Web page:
Current Trends in Office Space Planning

So, you are out looking for new office space rental or maybe you are renegotiating your office lease and want to make sure your space is as productive as possible. Here are a few of the current trends in office space planning:

  • High panel cubicles are out. Benches or open work areas are in.
  • Headphones have become the new office walls.
  • Areas for collaboration and huddle areas are encouraging team work.
  • Break rooms are open and central to the work space and located along windows, becoming gathering places.
  • Office hoteling is creating Agile Workplaces that allows multiple employees to share workspaces on an as needed basis.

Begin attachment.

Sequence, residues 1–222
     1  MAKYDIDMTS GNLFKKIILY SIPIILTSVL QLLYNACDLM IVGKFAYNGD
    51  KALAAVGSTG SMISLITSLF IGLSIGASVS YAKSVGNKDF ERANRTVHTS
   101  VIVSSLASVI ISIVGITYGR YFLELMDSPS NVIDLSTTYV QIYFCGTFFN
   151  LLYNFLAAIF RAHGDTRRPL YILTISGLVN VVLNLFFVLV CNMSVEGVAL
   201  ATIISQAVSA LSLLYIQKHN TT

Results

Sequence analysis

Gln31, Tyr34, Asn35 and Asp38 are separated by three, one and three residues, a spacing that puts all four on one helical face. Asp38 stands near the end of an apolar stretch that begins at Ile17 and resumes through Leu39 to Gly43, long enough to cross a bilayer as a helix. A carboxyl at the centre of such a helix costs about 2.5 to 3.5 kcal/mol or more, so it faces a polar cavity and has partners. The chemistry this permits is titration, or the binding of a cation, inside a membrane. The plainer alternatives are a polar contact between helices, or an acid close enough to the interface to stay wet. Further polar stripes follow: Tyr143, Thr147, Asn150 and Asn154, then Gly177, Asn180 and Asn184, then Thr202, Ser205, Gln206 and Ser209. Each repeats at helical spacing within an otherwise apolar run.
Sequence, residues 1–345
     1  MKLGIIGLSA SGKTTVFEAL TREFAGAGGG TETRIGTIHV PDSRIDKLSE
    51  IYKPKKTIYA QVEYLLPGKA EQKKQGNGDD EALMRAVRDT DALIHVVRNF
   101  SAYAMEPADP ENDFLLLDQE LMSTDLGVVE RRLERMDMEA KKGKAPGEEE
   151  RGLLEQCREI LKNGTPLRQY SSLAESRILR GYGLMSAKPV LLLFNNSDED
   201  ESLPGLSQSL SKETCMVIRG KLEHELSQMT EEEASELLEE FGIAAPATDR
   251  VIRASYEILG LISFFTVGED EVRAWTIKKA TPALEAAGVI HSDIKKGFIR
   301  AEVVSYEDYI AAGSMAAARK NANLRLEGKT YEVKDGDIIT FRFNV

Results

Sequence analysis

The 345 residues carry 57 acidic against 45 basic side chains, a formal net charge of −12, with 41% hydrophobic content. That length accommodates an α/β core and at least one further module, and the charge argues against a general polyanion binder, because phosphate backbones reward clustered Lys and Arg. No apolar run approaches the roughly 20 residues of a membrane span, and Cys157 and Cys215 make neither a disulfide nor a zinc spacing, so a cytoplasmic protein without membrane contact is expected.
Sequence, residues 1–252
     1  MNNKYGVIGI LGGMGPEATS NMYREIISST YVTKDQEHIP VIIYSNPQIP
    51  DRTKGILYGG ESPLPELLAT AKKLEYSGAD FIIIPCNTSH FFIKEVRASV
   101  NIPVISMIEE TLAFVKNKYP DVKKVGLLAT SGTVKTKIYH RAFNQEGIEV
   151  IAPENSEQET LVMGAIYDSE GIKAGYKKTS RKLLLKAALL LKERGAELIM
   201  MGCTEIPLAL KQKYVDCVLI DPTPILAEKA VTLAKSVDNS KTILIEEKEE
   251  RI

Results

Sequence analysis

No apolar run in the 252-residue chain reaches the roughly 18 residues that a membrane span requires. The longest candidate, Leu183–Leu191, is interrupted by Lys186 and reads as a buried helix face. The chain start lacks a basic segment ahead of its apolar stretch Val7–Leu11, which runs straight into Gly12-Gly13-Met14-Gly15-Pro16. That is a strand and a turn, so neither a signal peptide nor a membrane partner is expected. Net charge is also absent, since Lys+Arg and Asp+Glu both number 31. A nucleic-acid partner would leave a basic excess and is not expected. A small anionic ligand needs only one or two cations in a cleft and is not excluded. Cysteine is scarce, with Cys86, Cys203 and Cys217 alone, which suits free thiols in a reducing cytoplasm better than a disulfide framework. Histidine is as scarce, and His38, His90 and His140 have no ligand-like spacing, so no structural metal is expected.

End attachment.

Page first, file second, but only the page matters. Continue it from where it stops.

• The use of 3rd party outsourced office space is on the rise.
  • Home officing, in conjunction with the Agile Workplace,  is creating happier and more productive employees.
  • Management is moving out of their offices and into the open area.
  • Internal offices and conference rooms are moving off the window line to the interior walls to allow the natural light from exterior windows to permeate the work space.
  • Stand up workstations are becoming more popular for some areas to increase productivity.

The result is that office space requirements per person are dropping from over 200 square feet per person down to as low as 100 square feet per person. A major shift is occurring in the workplace The concept of work is shifting from the workplace as pieces of real estate to the office workplace as a facilitating bundle of services. Work is no longer a place, but a productive activity. Productivity is becoming the measure over the number of hours worked. Many of these office space planning trends are a result of this shift.